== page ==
INCLUDED ANGLE: Ok, so I lied! When I said the wheel pivots about an axis perpendicular to the ground, I wasn't being perfectly accurate for most any independent suspension design. Our wheels almost always have a camber angle (hopefully a small negative angle at normal ride height), and this throws off our nice little concept of SAI. To get a really accurate idea of the difference in pivoting axes between the steering system and wheel, you need to take into account the camber of said wheel. So, say if you had an SAI of 15 degrees and a negative camber on the wheel of 1 degree, you would get an included angle of 14 degrees. The wheel is canted inwards 1 degree from our previous true vertical measuring point, so this concept will give us a truly accurate idea of the angles everything will be pivoting on at normal ride height.

SCRUB RADIUS: The difference between where the SAI line and the vertical wheel centerline intersect the ground (as viewed from the front of the car). A vehicle is said to have a postive scrub radius if the SAI line falls closer to vehicle center than the tire, and a negative scrub radius if it falls outside the tire centerline. Scrub radius is important to both vehicle stability under braking and acceleration, plus steering feedback during at the limit adhesion. A negative scrub radius hurts steering feel (most fwd cars have either zero to negative scrub), but keeps the steering wheel from yanking around when one of the steered wheels loses traction (a positive scrub radius can yank the wheel out of your hands when only one steering wheel loses traction during a turn, which is of course a bad thing).

ACKERMAN STEERING: A design concept which allows the inside wheel of the steered axle to travel a tighter arc than the outside. When one thinks about a vehicle turning, it becomes obvious that for the front end to maintain optimal traction, the inside wheel in the turn always has to be making a slightly sharper turn than the inside wheel. If both turned an equal path, the two tires would effectively be following different curves around the same point and wasting a whole lot of grip in the process. So ackerman steering geometry is created to allow the inside wheel to turn a somewhat tighter arc than the outside, maximizing traction during a turn. Also, increased ackerman will enhance toe-out during cornering, allowing the vehicle to become even more nimble in changing direction. Ackerman is however, one of those things the average Honda enthusiast never need worry about, I just figured I would mention it since we are on the topic of aligment.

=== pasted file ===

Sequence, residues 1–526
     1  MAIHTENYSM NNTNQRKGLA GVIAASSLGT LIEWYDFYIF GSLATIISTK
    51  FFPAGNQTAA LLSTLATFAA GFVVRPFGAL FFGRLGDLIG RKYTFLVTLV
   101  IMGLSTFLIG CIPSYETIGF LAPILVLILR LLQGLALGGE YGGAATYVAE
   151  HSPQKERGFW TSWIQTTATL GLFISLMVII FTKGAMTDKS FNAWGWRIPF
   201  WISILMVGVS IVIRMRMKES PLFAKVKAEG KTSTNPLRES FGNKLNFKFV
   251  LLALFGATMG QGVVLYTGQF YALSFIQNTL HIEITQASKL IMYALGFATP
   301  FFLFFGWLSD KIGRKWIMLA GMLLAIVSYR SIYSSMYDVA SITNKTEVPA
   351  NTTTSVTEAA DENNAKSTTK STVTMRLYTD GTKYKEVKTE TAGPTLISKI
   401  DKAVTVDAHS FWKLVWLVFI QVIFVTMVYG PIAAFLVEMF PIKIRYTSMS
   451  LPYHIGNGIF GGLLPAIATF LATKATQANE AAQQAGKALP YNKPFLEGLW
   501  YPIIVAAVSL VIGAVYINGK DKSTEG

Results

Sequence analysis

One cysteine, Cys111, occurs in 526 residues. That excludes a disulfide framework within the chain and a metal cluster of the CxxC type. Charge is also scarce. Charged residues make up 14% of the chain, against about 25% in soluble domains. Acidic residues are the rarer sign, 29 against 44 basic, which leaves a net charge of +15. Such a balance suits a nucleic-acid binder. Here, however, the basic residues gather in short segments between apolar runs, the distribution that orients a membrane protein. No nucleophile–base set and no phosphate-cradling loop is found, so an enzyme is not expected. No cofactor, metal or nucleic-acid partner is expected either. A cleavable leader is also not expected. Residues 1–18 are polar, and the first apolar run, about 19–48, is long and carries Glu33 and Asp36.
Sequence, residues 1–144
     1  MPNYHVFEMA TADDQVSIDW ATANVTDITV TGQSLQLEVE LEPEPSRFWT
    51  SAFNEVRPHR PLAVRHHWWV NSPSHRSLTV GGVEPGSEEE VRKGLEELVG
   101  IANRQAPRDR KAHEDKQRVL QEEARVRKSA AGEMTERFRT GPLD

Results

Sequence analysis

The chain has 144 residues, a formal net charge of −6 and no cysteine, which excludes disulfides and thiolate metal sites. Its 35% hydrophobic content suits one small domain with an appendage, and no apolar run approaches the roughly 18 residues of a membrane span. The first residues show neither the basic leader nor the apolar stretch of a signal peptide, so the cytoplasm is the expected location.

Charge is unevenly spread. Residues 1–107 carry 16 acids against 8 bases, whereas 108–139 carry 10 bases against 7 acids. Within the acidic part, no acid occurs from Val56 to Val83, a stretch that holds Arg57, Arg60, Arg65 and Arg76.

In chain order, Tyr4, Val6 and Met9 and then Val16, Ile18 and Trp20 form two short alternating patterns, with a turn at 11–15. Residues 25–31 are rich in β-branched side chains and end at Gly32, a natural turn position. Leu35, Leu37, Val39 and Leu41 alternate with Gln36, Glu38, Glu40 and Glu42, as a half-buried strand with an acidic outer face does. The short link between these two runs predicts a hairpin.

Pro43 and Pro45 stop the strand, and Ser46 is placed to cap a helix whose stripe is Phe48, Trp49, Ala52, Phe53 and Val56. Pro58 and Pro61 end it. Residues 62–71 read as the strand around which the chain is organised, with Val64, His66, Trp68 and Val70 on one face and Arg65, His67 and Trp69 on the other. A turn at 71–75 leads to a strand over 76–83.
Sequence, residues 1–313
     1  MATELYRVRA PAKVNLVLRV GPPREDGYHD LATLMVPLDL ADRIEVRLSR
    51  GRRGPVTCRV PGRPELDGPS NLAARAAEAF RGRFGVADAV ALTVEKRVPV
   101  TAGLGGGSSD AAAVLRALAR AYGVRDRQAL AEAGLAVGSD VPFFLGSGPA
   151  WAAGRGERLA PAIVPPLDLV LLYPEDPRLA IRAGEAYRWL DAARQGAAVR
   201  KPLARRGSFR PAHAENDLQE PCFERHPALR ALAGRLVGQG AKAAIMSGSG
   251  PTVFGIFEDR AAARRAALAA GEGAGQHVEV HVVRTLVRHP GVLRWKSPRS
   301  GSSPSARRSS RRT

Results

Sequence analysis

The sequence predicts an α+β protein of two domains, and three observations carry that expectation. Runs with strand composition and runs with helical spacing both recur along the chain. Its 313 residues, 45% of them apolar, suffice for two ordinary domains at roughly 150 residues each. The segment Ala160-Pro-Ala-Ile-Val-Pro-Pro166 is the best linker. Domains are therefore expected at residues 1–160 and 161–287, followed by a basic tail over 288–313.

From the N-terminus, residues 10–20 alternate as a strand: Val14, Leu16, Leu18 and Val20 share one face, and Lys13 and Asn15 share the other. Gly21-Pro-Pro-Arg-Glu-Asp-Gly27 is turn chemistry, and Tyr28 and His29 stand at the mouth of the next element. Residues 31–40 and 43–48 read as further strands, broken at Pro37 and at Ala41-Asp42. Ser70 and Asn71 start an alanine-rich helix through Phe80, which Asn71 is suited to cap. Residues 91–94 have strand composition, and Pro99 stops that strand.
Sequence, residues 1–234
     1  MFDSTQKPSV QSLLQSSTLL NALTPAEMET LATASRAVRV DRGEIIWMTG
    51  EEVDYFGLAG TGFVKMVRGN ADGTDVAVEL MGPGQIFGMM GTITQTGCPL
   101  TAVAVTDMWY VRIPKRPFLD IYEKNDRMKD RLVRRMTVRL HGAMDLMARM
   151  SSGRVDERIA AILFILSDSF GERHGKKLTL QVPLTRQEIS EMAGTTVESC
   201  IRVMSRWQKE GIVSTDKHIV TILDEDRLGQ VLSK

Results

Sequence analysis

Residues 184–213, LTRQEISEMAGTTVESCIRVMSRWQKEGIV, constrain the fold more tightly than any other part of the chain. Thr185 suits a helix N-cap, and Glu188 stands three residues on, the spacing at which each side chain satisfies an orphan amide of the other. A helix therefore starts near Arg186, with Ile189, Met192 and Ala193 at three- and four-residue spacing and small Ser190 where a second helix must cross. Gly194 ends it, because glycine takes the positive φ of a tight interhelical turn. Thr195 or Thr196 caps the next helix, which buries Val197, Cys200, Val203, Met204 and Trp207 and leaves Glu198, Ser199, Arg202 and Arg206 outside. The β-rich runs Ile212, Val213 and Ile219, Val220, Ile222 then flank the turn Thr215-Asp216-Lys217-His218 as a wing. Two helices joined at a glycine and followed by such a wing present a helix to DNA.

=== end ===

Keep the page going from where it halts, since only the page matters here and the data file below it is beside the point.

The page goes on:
Of final note, it should be remembered that almost all alignment prinicples are in constant flux when the suspension is moving. Camber, caster, toe, SAI, scrub; they can all change with suspension movment and suspension part changes. I wrote most of these down knowing that 99% of you will never need to know them or even be interested in knowing them, but on that off-chance you are wondering what exactly is going on in your suspension, well, now you know . Hope this helps someone, peace.
 

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Discussion Starter #2
What are springs and struts? Why do springs effect my ride? Whats the difference between shocks and struts? Why stiffer?

Ok, first you have to understand the difference between the springs and the shocks and their stiffness. Its not the same thing. You dont want a stiff spring and a soft shock, but you can be just fine with a soft spring and a stiff shock.

the principal behind it is that as a spring gets smaller, the rate gets higher. The higher the springrate, the quicker and harsher the bouncing of the spring. However, the higher the springrate, the less the spring compresses where it usually would the most on stock springs. This is what causes bad rides and also what gives better performance as in less body roll. Frankly, thats what it gives you.

The principal behind shocks is that the shock compresses a certain amount (of course) as the spring does, but it really isnt absorbing the "shock" per say. No matter what shock you have, no matter how stiff or soft it is, whatever, its not doing the work, the spring is. The shock works to STOP the spring from the bouncing caused by its compression and decompression. However quick the shock reacts or rebounds will affect how much of it you feel and how much the car moves.
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Why shouldnt I put an aftermarket spring on stock shocks?

This is why you dont just throw any damned spring on the stock shocks - you all that want a technical answer - this is it. It takes power to stop a progressive rate spring. Your stock springs are not progressive. They are evenly spaced apart. This means when you hit a bump in the road, the entire spring can compress, there are no dead coils persay. It takes a lot less power to stop a non progressive spring. Think of it like you have a 1 foot long spring with evenly spaced coils, you hold it down, and let it go. Now you do that again with a 8 inch tall spring that has all the coils near the top all close together, even touching. THis means that you have a lot less spring pushing it. BUt principal physics says its going to decompress a hell of a lot quicker, thus faster.